The city’s attorney said he found the proposal legally sound.
“It is my view that it is valid and gives the city authority to do what police want to do,” Haynie said.
After police tell an apartment complex it is required to take part in the program, it can appeal the decision with the Board of Zoning Appeals and ask the police department to show its crime rate calculations, which gives the complex due process in the decision, Flynn said.
“The things that we find when we inspect the property — we look at the code enforcement — health regulation, fire regulation — and each one those, if they’re in violation, carries its own penalty,” Flynn said.
The police chief said he thought the proposed ordinance was a step toward working alongside the apartment complexes instead of against them.
“Our goal is not to be punitive with this and not to put anyone out of business. Our goal is just to make it safer for them,” Flynn said.
Frank Rotondo, executive director for the Georgia Association of Police Chiefs, said this kind of program is widely used in western states.
“This is a proactive approach,” Rotondo said.
He said he approves of the program and thinks the Marietta Police Department is one of the best he has seen in his more than 20 years in the position.
“I see this as a very, very good approach,” Rotondo said. “It is sort of forcing people who are apathetic to do what’s best for the stakeholders of the property.”
The proposed mandatory program was built off of an existing voluntary one in Marietta called the Crime-Free Housing program, Flynn said. Participation levels in the volunteer program were low, he said, so police want to help them reduce crime by making them comply with city codes. Only eight out of the total 46 apartment complexes in the city participate, Flynn said.
“I see it as forcing them to work with us to correct the conditions that are causing higher crime,” Flynn said.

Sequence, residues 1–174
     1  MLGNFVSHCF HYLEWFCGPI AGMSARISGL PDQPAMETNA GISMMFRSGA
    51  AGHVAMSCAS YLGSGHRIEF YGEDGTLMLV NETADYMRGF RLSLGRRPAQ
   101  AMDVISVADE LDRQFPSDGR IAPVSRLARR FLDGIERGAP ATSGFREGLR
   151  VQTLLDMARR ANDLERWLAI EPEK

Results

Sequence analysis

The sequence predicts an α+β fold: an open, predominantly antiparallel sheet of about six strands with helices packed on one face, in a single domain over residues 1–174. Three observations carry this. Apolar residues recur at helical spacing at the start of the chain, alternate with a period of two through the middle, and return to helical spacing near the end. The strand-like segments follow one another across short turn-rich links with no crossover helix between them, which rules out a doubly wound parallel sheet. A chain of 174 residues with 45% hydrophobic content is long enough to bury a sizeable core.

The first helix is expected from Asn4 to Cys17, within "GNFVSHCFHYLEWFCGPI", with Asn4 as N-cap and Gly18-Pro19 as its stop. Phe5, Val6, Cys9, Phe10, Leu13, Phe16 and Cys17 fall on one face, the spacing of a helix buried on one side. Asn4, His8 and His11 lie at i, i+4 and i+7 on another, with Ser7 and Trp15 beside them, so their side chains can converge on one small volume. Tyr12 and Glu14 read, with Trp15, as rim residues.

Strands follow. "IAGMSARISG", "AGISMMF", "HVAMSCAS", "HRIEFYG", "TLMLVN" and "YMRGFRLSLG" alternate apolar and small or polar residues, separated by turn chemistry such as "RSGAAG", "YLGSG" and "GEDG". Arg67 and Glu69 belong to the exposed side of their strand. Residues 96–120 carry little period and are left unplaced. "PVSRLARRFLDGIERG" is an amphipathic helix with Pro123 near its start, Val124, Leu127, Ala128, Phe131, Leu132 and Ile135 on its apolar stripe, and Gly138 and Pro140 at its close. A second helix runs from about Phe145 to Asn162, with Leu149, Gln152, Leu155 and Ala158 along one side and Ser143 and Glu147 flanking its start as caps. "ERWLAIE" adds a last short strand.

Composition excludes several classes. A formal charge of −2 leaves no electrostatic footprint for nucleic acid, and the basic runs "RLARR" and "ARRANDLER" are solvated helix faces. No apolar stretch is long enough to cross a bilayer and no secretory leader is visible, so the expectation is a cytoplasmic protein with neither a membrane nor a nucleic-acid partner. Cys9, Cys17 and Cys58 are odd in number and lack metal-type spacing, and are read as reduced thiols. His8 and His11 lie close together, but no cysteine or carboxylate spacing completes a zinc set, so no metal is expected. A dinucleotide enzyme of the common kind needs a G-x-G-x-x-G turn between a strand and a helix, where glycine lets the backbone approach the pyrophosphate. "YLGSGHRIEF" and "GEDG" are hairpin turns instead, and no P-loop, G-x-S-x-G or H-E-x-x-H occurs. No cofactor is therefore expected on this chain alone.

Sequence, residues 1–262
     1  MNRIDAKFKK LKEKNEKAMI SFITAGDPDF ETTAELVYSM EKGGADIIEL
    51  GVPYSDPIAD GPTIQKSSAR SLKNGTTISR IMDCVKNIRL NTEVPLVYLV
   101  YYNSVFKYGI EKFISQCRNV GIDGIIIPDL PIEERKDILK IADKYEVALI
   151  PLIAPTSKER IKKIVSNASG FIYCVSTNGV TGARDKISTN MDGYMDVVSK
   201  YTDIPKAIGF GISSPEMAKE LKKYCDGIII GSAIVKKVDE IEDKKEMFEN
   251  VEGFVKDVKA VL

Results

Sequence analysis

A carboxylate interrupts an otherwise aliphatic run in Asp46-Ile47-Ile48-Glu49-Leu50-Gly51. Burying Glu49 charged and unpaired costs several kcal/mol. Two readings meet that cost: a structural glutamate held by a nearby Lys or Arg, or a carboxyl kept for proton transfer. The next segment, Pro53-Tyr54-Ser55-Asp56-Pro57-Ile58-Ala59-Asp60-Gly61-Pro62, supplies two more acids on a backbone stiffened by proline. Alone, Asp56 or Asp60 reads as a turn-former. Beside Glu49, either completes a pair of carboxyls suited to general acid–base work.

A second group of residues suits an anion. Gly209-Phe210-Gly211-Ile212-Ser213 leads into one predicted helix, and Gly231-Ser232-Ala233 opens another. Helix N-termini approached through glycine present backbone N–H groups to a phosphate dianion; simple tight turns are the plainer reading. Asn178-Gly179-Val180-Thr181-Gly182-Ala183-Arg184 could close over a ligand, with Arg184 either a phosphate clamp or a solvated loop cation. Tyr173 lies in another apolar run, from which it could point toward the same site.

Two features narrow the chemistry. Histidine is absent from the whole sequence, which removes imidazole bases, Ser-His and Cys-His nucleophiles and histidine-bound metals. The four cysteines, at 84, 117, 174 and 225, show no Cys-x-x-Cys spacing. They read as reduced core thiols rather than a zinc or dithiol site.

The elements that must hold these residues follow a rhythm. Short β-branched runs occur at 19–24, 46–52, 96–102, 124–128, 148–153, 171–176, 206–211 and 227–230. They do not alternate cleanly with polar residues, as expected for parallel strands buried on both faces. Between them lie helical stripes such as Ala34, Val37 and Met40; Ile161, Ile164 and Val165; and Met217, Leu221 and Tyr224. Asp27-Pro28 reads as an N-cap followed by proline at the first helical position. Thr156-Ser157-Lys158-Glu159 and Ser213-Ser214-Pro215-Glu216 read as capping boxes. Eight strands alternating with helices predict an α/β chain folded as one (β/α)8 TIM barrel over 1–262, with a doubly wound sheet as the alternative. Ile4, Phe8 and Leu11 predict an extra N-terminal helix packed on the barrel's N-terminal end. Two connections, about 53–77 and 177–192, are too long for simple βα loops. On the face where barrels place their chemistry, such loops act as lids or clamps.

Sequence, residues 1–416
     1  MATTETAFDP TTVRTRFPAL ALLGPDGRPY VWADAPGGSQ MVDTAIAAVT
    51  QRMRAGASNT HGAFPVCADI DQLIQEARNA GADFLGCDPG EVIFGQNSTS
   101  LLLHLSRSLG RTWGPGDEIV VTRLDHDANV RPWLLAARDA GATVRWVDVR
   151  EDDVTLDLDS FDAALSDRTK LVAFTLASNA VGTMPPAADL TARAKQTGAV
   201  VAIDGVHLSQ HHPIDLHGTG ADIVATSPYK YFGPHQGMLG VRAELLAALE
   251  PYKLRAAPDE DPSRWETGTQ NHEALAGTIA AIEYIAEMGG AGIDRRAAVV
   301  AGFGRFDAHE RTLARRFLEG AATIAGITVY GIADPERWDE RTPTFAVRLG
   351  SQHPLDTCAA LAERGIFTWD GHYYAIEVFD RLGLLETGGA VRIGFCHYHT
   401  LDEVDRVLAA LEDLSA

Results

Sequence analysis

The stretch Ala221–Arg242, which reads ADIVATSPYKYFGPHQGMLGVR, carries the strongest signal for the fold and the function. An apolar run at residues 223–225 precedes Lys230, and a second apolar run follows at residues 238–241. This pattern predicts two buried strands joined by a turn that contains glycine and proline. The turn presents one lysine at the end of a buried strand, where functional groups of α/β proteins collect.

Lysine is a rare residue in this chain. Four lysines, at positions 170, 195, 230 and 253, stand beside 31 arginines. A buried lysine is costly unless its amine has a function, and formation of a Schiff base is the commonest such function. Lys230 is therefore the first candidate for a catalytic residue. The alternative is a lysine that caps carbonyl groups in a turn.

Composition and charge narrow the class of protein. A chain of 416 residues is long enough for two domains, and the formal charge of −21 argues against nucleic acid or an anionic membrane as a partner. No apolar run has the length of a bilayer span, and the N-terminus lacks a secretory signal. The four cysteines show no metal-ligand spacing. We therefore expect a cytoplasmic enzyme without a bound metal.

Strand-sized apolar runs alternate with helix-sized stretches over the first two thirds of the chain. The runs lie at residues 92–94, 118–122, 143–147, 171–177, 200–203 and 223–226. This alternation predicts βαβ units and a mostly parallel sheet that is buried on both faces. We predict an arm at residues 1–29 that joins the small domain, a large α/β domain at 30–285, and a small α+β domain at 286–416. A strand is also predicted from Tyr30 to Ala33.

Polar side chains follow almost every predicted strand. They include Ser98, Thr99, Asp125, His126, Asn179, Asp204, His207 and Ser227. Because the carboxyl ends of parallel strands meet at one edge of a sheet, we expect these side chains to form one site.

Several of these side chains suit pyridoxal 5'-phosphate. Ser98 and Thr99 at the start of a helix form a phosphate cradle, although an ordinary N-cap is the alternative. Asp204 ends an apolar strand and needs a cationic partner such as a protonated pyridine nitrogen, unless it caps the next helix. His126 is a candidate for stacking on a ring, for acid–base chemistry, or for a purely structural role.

The City of Roswell has a similar voluntary program, and Roswell Police Officer Jeremy Bringle said 29 of 31 apartment communities in Roswell participate in it.
“In my experience, when you mandate people to do something, they’re less likely to do something and take part in it,” said Bringle, the officer who heads the crime-free program in Roswell.
Bringle said the program in Roswell enhances communication among the complexes and police, and Flynn said his goal with the proposal is to work with property owners.
“Under existing nuisance abatement ordinance, we could move to revoke or suspend or not renew the business license of the apartment complex and essentially put them out of business,” Flynn said.
The mandatory nature of the program, Flynn said, gives the apartments an “opportunity” not afforded to them in the city’s nuisance ordinance.
In other business, the Public Safety Committee also voted 3-0 to
approve an ordinance that would create a drug-free zone along Franklin Road and Delk Road. It would give anyone caught committing a drug-related crime in the area a greater punishment if convicted.
“If the maximum time you could have gotten on a crime was 10 years, it could be 15 years in one of these zones,” Flynn said.
The properties sectioned off as the proposed drug-free zone includes residential and commercial areas and is similar to a school zone or a public housing zone.
State law allows cities to create crime-specific zones such as this one, Haynie said.
Flynn said the ordinance could take more than a year to implement because if the City Council approves it, the Georgia Legislature would need to pass a bill creating it.